Vinegar can be a great natural way to remove adhesive residue, as the acid will help loosen up the adhesive, Peters explains.
WD-40 has an almost endless number of uses—including removing sticky adhesives. While it works, because of its strong smell, it’s not my go-to choice for smaller jobs, admits Peters.
A bit of heavy-duty, paint thinner will dissolve the adhesive material when nothing else can. This should be a last-choice option as it can also corrode the material underneath, Peters says, reminding that you don’t want to use paint thinner on painted walls. If you spill paint in the living room, don’t worry—here’s how to get paint out of carpet.
Use an adhesive to remove one. “Use it the sticky side to pull off the sticky adhesive,” Peters explains. “Wrap the tape around one finger (masking or duct tape works best) and use the stick side to pick up the adhesive.”
Tea Tree Oil
This great smelling oil will loosen up the adhesive. “I personally love this smell so this is a go-to for me,” he says.
Goo Gone is another store-bought solution that can get the job done. However, while it works, it’s strong and can emit harmful fumes, according to Peters. “Make sure to use it in an area with ventilation,” he advises.
How to remove sticker residue off glass
Glass is one of the easiest materials when it comes to removing sticker residue. “If you want to skip using any kind of extra substance, start with the hairdryer or hot water method,” Peters suggests. Otherwise, his go-to is peanut butter since it has a less offensive smell than some of the other solutions. “You can also use any of the stronger substances on our list (such as acetone, rubbing alcohol, paint thinner, etc.) since glass isn’t going to dissolve or corrode as a result of these solvents,” he points out.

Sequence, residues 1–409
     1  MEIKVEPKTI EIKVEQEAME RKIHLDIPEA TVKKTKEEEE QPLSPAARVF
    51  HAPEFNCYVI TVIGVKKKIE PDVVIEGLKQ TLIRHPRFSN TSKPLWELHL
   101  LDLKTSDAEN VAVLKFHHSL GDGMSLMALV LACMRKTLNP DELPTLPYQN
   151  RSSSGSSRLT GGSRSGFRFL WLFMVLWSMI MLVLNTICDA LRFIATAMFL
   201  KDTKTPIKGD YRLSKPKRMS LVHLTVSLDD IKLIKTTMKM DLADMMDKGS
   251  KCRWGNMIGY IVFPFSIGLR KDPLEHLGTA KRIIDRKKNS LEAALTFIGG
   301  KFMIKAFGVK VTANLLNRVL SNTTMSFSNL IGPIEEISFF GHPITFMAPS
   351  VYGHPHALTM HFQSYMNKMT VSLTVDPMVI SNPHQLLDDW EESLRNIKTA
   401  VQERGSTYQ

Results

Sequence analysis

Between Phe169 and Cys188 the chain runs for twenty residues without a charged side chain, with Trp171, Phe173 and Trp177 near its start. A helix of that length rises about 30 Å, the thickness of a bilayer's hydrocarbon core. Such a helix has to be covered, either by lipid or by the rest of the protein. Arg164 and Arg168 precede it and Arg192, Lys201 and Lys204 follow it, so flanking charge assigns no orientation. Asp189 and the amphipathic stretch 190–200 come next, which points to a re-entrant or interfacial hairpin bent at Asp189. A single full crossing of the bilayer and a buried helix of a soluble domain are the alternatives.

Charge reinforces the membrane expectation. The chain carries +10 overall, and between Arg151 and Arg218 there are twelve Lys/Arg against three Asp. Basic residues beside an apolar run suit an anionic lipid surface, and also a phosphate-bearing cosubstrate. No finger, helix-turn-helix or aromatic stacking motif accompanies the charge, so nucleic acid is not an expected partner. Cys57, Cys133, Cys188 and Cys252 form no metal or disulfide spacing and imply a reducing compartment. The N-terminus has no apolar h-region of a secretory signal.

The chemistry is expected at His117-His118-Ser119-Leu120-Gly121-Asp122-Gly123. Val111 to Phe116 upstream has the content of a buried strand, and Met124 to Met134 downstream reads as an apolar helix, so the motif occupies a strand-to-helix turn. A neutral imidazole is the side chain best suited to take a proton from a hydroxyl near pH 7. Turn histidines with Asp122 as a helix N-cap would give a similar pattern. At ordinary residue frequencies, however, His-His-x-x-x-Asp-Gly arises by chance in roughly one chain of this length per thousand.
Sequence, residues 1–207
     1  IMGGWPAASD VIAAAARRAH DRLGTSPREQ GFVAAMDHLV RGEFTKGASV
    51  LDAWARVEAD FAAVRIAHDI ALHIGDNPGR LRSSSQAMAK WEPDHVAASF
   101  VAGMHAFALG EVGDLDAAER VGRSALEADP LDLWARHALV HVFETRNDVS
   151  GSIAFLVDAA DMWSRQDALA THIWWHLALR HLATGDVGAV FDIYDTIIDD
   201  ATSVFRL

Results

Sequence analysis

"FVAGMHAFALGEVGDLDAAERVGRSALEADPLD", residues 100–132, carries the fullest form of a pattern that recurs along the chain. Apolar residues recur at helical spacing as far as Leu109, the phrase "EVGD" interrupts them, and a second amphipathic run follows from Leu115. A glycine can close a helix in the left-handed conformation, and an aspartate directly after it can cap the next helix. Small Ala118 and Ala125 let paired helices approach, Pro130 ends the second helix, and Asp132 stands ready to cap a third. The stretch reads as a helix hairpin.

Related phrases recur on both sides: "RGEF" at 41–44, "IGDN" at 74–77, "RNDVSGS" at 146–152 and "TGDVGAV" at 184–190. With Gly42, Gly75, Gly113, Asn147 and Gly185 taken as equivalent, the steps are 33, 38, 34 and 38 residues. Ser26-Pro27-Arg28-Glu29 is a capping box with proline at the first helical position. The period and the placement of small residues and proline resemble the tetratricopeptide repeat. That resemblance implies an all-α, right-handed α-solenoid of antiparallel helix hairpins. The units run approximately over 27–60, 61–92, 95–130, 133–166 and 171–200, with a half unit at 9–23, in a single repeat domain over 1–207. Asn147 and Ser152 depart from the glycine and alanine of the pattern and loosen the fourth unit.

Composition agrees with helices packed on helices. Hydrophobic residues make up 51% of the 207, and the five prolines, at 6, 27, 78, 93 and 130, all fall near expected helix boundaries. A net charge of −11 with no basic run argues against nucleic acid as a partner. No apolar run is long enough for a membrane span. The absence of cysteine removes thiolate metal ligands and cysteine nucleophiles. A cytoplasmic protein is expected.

Alaina DiGiacomo/rd.comHow to remove sticker residue off plastic
You’ll need to be a little more careful with getting sticker residue off plastic since stronger options, including acetone or rubbing alcohol, can damage it. Even too much heat from a hairdryer could damage weaker plastics. Instead, opt for toothpaste, peanut butter, and mineral oil and put in some elbow grease until the sticker residue is completely off.
How to get stickers off wood
How to get stickers off wood depends on the type of wood in question. If the wood is unfinished, you can go straight for the big guns and use some acetone or rubbing alcohol. However, if it’s finished wood you’ll need to be a little more careful since those same solvents can actually remove the finish. “My favorite option for wood is toothpaste since it does a great job but won’t change the look of the wood,” Peters says. “Many oils can be quickly absorbed and mineral oil is actually used as a sort of finish so it doesn’t make a great choice for single spot treatment.” You can also use the hairdryer method since it doesn’t require any compound and the wood won’t have any problems handling the heat.
How to get stickers off clothing
For getting sticker residue off clothing, heat in the form of hair dryers or hot water are the best option. “You don’t want to rub peanut butter into your clothing and many oils can stain clothing so for fabrics stick with heat to play it safe,” he explains.
- Guy Peters, owner and founder, MOP STARS